Source: Bulldust | The Monthly
The future of journalism and democracy lies in news and analysis that reflects the interests of ordinary people, says John Passant.
It doesn’t take a genius to understand the consequences for democracy if we lose investigative reporters to an army of Perez Hiltons. Should we consider public funding?
After 10 months of administrative detention, it appears the army no longer views Omar Nazzal as a dangerous threat — just like countless other administrative detainees who sit in prison for months, if not years. Palestinian journalist Omar Nazzal was released from Israeli prison on Monday after 10 months in administrative detention. Upon his release, Nazzal, a member of the General Secretariat of the Palestinian Journalists’ Syndicate, was welcomed by family members and supporters outside Ofer military prison, near Ramallah. [tmwinpost] Nazzal, 55, was first detained in April at Allenby Bridge while trying to leave the West Bank en route to an…
Greg Palast’s documentary told how millions of minority votes were discounted through a voter crosscheck program. Now, Palast demands that the DOJ investigate the crosscheck system.
Donald Trump’s tweets yesterday about “the millions of people who voted illegally in 2016” and “serious voter fraud in Virginia, New Hampshire and California” cannot be dismissed as just another Twitter meltdown from the president-elect.
By Loz Lawrey ABC radio grew my mind. I mean it. Each working day, throughout my career in the building industry, I listened exclusively to one of our public broadcaster’s fine radio stations as I toiled at my trade. While my body performed familiar routine activities on this physical plane, my mind travelled the world,…
Australian Electoral Commission regional manager, Mark Eachbox
Australia’s political duopoly only perpetuates a watered down democracy, which is now little more than a regional office for corporate interests, writes Andrew Chambers.
If Donald Trump is elected president of the United States, London’s new mayor would be barred from entering the country because he’s a Muslim.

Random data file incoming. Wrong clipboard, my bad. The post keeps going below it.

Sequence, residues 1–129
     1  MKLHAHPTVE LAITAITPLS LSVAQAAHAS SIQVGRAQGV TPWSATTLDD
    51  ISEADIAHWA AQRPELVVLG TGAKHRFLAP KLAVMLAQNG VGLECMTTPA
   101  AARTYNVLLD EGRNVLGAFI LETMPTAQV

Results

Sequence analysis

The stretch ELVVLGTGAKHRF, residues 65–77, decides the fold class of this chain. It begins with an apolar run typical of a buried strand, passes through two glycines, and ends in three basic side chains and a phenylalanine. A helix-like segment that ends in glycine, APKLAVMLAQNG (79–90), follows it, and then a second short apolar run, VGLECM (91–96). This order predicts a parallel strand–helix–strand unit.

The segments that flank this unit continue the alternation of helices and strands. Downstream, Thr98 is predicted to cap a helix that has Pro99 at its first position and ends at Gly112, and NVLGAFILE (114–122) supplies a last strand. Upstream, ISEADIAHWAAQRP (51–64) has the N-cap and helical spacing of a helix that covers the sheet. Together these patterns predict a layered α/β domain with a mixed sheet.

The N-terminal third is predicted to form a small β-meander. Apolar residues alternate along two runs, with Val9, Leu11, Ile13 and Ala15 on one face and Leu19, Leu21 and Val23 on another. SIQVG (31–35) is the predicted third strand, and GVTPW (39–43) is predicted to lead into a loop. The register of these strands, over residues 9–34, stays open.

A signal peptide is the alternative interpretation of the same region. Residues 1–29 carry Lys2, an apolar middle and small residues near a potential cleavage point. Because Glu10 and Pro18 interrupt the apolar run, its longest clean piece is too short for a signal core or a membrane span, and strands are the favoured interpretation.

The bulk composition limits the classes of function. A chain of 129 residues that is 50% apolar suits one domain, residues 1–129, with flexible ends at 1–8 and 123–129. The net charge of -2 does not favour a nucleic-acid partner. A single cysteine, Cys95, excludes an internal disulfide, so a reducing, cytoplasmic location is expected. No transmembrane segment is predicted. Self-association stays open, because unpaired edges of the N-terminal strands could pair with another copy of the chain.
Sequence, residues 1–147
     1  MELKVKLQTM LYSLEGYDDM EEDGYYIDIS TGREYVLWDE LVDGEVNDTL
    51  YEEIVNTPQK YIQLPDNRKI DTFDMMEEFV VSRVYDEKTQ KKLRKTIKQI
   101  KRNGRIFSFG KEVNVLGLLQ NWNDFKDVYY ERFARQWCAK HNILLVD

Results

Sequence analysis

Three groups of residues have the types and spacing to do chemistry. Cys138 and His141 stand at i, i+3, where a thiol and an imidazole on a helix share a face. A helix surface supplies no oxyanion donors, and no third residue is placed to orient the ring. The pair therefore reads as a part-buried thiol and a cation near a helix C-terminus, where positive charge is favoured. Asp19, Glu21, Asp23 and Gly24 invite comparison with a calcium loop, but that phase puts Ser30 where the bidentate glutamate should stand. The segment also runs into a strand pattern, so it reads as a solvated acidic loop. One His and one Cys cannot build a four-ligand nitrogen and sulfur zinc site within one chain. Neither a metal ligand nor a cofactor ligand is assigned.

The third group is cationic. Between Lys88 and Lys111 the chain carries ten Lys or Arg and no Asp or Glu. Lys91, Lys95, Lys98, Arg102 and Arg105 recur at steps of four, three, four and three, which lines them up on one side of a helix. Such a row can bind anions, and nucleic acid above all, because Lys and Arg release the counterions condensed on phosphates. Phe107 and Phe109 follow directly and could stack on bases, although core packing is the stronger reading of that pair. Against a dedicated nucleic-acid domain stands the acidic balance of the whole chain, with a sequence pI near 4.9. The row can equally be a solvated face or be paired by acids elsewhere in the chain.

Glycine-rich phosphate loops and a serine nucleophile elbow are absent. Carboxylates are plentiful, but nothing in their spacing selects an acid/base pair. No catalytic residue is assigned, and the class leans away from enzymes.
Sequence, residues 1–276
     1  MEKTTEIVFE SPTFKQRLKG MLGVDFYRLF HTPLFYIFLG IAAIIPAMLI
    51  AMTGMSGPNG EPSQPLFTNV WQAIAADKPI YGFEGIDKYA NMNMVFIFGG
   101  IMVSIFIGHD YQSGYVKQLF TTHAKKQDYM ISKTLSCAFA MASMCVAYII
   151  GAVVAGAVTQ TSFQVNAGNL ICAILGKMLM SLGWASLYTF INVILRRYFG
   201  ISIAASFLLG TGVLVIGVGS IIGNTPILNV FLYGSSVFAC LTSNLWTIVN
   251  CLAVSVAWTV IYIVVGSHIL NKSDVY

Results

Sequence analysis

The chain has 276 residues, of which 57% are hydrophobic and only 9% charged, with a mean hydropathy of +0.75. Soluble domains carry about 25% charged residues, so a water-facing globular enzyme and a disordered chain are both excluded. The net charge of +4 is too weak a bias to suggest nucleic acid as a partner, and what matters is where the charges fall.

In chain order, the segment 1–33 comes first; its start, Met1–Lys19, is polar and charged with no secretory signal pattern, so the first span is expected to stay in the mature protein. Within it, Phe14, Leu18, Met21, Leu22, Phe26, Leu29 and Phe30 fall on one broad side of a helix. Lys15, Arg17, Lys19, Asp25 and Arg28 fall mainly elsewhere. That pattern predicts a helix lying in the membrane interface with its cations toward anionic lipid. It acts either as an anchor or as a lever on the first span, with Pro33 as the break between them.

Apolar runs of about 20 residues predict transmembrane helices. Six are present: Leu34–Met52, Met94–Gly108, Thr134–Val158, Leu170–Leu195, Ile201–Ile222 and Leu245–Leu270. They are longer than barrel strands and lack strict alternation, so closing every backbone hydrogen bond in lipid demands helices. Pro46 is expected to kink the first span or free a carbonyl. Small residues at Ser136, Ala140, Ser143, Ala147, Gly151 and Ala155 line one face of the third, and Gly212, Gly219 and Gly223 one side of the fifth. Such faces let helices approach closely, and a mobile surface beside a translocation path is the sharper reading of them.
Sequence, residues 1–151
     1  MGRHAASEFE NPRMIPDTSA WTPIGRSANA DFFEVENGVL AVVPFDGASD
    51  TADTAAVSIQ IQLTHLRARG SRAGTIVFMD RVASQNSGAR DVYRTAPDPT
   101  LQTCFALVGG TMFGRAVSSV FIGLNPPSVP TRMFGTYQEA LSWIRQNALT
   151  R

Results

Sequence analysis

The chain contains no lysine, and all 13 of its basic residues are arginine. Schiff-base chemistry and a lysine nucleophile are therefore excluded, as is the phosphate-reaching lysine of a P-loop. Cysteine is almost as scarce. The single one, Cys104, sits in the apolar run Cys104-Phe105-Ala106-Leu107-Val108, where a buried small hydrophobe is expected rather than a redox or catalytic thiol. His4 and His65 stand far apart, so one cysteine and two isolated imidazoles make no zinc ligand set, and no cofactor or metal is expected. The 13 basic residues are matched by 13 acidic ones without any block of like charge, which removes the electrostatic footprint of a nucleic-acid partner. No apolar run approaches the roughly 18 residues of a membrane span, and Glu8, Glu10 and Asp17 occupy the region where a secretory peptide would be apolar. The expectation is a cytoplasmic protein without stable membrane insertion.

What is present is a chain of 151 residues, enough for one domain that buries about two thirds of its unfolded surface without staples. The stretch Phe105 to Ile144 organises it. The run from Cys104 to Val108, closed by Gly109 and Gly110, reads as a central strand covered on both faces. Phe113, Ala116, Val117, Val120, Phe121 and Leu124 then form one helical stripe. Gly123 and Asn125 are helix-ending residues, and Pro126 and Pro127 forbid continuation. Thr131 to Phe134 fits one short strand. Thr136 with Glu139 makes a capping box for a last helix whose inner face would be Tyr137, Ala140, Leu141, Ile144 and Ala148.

The draft law, which passed the first of three votes on Monday, would allow the expulsion of Arab MKs from the Knesset. It is one of several recent steps by the Netanyahu government to limit…
This isn’t a choice between ‘Jewish or democratic’ — the only question is whether Israel can still become a true democracy. For some years, the center and left in Israel has committed itself to the…
The question triggered by the Arab uprisings of 2011 was always: why did it take so long?
Anas Khateeb placed behind bars for three comments he made online.
Iranian President Hassan Rouhani on Monday called for a united front to fight extremists in the Middle East and said Tehran was ready to help “bring about democrac
From laissez-faire economics in 18th-century India to neoliberalism in today’s Europe the subordination of human welfare to power is a brutal tradition
Starving people clamour at the gates of a workhouse during the Irish famine,’One eighth of the population was killed – one could almost say murdered – by the British refusal [to set] policies that offended the holy doctrine of laissez-faire economics.’ Photograph: Hulton
Greece may be financially bankrupt, but the troika is politically bankrupt. Those who persecute this nation wield illegitimate, undemocratic powers, powers of the kind now afflicting us all. Consider the International Monetary Fund. The distribution of power here was perfectly stitched up: IMF decisions require an 85% majority, and the US holds 17% of the votes.
The IMF is controlled by the rich, and governs the poor on their behalf. It’s now doing to Greece what it has done to one poor nation after another, from Argentina to Zambia. Its structural adjustment programmes have forced scores of elected governments to dismantle public spending, destroying health, education and all the means by which the wretched of the earth might improve their lives.
The euro will be stuck with austerity unless it learns to embrace democracy
The same programme is imposed regardless of circumstance: every country the IMF colonises must place the control of inflation ahead of other economic objectives; immediately remove barriers to trade and the flow of capital; liberalise its banking system; reduce government spending on everything bar debt repayments; and privatise assets that can be sold to foreign investors.
Using the threat of its self-fulfilling prophecy (it warns the financial markets that countries that don’t submit to its demands are doomed), it has forced governments to abandon progressive policies. Almost single-handedly, it engineered the 1997 Asian financial crisis: by forcing governments to remove capital controls, it opened currencies to attack by financial speculators. Only countries such as Malaysia and China, which refused to cave in, escaped.
Consider the European Central Bank. Like most other central banks, it enjoys “political independence”. This does not mean that it is free from politics, only that it is free from democracy. It is ruled instead by the financial sector, whose interests it is constitutionally obliged to champion through its inflation target of around 2%. Ever mindful of where power lies, it has exceeded this mandate, inflicting deflation and epic unemployment on poorer members of the eurozone.